To begin with, the author provides an introduction with some information about the religious order that Tyndal Priory (the fictional location of the story) was based on (the Order of Fontevraud, which is where Eleanor of Aquitaine ended up). The order was woman-positive, and the Prioress was over both the nuns and the monks. Royal has certainly done her research, and it shows. I’m kind of a medieval nut (studied medieval art history in college, and started taking masters’ courses in medieval history, but never finished the grad degree), so this story was right up my alley.
It’s 1270 in England, at Tyndal Priory (with monks and nuns running a hospital). The new prioress Eleanor is young, and her arrival causes some resentment in the priory because she got the job through her family’s political connections. She was needed because the old prioress died, peacefully and in the company of her sisters. Brother Rupert was there too, he and the prioress were best friends. Just as she is about to die, she reaches out to Rupert, her confessor, to tell him something important. He didn’t hear, and she died without letting anyone know that she had wrongly accused someone.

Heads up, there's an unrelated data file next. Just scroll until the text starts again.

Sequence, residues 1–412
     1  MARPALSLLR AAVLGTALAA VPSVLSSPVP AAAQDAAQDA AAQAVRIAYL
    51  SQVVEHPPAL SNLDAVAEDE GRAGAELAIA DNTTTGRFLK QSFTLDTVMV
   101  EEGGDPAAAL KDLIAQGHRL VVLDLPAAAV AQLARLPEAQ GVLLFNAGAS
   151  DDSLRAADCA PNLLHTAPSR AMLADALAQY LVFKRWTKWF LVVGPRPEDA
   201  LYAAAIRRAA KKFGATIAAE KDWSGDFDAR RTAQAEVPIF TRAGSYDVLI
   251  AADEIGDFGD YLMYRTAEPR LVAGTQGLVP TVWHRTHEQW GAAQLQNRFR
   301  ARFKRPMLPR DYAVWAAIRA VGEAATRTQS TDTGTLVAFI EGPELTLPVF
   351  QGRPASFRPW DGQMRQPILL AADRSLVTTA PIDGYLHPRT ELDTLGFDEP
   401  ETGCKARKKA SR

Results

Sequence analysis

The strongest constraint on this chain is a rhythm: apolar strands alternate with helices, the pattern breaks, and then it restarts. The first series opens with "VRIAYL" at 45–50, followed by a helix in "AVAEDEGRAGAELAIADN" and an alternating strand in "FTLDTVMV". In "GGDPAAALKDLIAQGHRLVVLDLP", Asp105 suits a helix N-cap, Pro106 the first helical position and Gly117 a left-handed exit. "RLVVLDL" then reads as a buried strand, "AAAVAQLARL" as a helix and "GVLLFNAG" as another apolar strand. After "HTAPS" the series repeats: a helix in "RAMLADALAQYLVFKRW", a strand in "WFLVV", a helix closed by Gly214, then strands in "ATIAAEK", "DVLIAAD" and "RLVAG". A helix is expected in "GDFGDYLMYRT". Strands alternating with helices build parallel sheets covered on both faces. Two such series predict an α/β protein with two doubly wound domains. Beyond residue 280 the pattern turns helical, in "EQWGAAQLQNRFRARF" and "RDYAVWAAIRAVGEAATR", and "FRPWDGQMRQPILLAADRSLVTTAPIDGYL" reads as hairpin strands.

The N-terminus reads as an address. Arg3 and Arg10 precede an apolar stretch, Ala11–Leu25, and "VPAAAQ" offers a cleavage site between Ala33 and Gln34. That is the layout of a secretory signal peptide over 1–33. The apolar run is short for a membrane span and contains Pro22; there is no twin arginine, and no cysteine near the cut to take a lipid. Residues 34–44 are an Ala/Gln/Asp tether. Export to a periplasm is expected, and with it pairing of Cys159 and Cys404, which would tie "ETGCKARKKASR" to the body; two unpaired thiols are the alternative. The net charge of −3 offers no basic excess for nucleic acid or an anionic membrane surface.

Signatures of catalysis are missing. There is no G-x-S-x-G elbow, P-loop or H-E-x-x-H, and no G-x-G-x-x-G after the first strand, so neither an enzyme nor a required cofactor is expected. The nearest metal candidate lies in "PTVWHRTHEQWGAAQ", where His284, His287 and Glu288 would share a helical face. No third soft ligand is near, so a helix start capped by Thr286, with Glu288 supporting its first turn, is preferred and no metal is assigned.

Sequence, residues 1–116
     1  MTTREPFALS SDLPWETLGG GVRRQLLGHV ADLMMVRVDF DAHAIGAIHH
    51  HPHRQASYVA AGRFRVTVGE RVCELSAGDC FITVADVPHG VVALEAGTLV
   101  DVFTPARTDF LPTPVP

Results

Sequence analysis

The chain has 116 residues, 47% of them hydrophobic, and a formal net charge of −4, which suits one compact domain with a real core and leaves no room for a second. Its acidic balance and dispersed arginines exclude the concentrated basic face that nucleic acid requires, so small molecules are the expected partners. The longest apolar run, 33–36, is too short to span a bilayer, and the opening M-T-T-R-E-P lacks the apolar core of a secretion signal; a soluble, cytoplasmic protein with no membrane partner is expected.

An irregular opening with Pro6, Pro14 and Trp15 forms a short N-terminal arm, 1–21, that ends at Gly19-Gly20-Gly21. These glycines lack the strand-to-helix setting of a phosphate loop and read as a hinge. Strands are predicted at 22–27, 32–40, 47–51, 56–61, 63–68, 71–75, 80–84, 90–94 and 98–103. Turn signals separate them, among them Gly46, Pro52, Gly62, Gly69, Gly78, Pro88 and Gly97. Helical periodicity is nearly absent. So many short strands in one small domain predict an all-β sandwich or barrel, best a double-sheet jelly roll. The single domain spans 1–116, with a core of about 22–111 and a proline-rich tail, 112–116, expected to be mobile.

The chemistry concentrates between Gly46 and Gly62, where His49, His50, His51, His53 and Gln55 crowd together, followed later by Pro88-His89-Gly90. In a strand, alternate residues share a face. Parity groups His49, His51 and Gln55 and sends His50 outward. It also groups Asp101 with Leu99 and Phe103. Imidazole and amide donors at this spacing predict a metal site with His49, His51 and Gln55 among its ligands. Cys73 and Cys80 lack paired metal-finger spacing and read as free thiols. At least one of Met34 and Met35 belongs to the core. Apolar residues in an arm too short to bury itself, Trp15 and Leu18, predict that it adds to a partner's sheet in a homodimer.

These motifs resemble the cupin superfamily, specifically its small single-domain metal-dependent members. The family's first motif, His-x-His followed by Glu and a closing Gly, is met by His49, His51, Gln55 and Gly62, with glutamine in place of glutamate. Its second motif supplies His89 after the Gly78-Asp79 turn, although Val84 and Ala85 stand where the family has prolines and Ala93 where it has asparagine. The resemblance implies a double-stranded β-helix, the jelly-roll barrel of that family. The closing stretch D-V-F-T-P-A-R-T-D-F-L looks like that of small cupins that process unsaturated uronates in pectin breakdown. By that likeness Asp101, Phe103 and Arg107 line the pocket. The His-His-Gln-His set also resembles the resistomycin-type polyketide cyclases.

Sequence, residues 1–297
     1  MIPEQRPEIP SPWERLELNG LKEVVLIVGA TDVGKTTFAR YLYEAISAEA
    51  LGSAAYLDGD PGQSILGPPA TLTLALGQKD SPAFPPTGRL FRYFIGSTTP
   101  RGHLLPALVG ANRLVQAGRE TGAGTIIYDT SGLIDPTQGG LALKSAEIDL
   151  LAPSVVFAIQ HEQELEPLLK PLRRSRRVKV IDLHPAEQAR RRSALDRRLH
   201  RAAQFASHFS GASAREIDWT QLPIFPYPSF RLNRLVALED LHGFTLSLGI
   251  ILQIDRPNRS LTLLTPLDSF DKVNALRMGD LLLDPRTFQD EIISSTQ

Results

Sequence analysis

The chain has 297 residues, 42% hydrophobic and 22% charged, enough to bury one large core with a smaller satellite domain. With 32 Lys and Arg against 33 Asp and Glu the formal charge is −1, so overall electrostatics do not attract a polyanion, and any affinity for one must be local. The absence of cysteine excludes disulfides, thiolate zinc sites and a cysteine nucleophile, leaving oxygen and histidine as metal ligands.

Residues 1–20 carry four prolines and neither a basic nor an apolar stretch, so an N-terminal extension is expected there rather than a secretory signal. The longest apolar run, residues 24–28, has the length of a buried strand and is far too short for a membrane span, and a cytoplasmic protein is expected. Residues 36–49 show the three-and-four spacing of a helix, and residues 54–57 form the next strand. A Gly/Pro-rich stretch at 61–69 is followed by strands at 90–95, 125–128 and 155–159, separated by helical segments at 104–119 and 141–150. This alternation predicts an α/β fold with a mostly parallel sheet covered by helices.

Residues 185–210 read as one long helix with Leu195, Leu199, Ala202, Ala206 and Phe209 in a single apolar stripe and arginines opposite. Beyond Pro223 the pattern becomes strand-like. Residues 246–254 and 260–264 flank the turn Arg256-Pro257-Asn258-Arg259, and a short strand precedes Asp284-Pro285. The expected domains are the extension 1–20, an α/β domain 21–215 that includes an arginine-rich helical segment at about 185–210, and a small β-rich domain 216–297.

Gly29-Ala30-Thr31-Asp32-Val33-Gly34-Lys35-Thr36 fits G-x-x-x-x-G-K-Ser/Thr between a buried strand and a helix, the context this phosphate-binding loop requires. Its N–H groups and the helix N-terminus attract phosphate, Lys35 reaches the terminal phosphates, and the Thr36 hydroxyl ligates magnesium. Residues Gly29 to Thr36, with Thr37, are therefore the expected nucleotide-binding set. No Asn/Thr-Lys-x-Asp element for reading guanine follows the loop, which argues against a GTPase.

When Eleanor arrives, she not only has to deal with cranky nuns and monks, but the brutal murder of Brother Rupert. Was he killed by a random killer, or because someone thought he had information that needed to be kept secret? Eleanor investigates, with the help of a new monk, Thomas. Thomas has an interesting past, and has some attitude issues.
The characters were interesting and well-written, and the story gives an in-depth look into the cloistered lives of the nuns and monks. I would recommend this book to anyone. Apparently it’s a series, and I will definitely be investigating (hee) the rest of them.